Office of the United States Trade Representative


Statement on EC-Biotech Dispute


Washington, D.C. - The Office of the United States Trade Representative commented on the January 11 expiration of the reasonable period of time (RPT) for European Union (EU) compliance with the WTO rulings in the EC-Biotech dispute.   

“The United States remains very concerned with EU treatment of agricultural biotech products,” said USTR Spokeswoman Gretchen Hamel.  “We are taking steps necessary under WTO rules to preserve our right in the WTO to suspend trade concessions.” 

“At the same time,” explained Hamel, “our goal is to normalize trade in biotech products, not to impose trade sanctions on EU goods.  The EU has committed to making biotech approval decisions based on science and without unnecessary delays, and it is in both parties’ interest for the EU to follow through on these commitments.  Accordingly, we have agreed with the EU to suspend for a limited period the proceedings on our WTO request for authority to suspend concessions in order to provide the EU an opportunity to demonstrate meaningful progress on the approval of biotech products.  We must note, however, that the United States first turned to the WTO to resolve this dispute over four and one half years ago, that U.S. seed companies, farmers, and exporters continue to experience significant commercial losses as a result of the EU actions, and that the patience of U.S. stakeholders is close to exhaustion.”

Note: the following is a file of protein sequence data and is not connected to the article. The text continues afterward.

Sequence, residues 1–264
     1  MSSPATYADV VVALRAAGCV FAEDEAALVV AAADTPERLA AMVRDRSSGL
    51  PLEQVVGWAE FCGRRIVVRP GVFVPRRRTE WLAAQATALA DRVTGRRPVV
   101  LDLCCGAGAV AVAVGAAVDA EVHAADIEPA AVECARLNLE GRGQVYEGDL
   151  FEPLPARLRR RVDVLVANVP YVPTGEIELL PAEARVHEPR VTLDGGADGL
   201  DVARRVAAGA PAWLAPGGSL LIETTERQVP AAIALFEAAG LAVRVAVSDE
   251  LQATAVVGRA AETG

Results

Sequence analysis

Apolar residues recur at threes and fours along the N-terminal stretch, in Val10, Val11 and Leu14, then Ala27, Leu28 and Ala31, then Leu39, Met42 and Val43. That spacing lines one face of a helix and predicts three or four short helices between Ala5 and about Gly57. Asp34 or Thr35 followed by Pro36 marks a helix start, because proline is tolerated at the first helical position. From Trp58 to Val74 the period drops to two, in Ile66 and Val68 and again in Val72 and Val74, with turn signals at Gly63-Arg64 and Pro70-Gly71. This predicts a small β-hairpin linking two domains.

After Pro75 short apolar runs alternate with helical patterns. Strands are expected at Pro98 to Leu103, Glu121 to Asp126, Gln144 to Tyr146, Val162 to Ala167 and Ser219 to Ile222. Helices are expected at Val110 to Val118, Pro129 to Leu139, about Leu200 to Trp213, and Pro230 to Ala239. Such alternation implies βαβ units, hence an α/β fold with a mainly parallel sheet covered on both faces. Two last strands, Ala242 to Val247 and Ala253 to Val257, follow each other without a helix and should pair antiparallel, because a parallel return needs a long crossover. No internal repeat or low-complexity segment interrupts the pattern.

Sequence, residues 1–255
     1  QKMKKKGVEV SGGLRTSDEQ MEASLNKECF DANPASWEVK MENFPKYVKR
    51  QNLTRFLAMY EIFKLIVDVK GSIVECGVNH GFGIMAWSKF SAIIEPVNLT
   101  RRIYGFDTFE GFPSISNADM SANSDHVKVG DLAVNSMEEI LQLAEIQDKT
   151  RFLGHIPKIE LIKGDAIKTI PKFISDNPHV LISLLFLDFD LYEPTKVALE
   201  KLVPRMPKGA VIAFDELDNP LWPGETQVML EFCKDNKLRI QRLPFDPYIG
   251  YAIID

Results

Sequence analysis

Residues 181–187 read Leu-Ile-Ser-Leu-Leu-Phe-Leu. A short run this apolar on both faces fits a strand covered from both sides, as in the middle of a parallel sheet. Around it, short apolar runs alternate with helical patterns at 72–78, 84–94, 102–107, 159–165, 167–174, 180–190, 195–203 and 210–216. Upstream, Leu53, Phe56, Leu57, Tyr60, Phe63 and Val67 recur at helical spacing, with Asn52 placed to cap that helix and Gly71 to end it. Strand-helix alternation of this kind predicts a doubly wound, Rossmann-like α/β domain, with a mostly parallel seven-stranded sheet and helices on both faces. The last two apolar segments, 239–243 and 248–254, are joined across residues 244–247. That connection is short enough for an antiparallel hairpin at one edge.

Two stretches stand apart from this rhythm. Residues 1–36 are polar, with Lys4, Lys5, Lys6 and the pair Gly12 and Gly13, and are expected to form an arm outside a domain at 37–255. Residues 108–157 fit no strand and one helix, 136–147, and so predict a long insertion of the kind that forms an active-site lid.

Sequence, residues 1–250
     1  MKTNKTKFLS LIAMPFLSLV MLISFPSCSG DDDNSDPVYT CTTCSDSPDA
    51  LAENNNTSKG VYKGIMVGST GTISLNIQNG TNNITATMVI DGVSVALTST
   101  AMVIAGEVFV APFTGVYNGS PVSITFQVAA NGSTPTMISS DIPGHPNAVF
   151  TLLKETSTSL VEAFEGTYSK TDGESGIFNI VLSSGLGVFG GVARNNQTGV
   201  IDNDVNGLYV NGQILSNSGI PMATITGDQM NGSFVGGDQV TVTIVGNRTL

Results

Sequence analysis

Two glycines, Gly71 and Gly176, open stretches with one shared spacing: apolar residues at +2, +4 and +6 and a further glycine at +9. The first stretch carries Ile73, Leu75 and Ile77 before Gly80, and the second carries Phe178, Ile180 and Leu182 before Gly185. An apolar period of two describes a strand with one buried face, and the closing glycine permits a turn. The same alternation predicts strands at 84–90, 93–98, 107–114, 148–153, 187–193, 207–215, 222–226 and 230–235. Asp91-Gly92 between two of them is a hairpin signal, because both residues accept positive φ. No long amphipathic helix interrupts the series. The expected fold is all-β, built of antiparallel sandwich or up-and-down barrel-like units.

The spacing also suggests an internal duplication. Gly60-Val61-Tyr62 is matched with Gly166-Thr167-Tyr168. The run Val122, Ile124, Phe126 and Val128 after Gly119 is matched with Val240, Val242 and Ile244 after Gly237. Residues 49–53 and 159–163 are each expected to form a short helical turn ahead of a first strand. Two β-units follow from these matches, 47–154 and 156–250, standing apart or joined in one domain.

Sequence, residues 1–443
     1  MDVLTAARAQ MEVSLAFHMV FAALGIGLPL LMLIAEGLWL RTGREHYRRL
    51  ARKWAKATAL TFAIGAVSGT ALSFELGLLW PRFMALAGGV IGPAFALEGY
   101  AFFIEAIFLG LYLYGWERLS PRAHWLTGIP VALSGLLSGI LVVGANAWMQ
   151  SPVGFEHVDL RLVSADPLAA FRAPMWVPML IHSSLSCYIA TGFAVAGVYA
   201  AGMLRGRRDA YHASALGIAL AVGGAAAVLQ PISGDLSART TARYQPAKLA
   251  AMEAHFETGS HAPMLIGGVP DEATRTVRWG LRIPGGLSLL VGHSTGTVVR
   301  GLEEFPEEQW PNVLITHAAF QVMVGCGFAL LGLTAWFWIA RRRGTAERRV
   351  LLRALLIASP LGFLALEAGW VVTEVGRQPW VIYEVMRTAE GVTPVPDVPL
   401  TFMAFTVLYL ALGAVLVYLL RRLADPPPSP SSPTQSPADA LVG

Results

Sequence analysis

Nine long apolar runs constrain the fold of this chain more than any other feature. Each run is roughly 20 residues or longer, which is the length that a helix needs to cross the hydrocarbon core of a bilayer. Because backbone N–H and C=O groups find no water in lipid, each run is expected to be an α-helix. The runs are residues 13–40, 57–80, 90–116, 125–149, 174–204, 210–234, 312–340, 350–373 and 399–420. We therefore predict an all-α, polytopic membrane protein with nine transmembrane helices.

During the coming months, the United States will periodically evaluate EU progress toward normalizing trade against a set of benchmarks and timelines.  To a large extent, these performance measures are set out in the EU’s own laws.  If the United States decides to pursue WTO proceedings on the EU’s compliance, the United States would file a formal consultation request with the EU, followed by a request for the establishment of a WTO compliance panel.

In a related development, the Government of France announced late Friday that it was imposing a ban on the planting of the only biotech corn variety currently cultivated in the European Union.  “It is hard to overstate our disappointment with this new biotech ban announced Friday by the Government of France,” said Hamel.  “This newly banned variety of corn has been grown safely in the EU, the United States, and around the world for over a decade.  The WTO panel in the biotech case previously found that a similar ban imposed by Austria was unsupported by scientific evidence and inconsistent with WTO rules.  We expect the European Commission to move promptly to lift this unjustified ban, and would hope that the Government of France would reconsider this unwarranted action.” 


On September 29, 2006, the WTO issued the final report in the case brought by the United States, Argentina, and Canada against the EU over the EU’s moratorium on approving agricultural biotech products and over EU member State bans of previously-approved products.   The WTO found that the EU measures were in breach of the EU’s obligations under the WTO Agreement on the Application of Sanitary and Phytosanitary Measures.  On November 21, 2006, the WTO Dispute Settlement Body (DSB) adopted recommendations and rulings calling for the EU to bring its measures into compliance with WTO obligations.   The United States and the EU initially agreed to a one-year RPT for EU compliance, which ended on November 21, 2006.  The parties subsequently agreed to extend the RPT until January 11, 2008.

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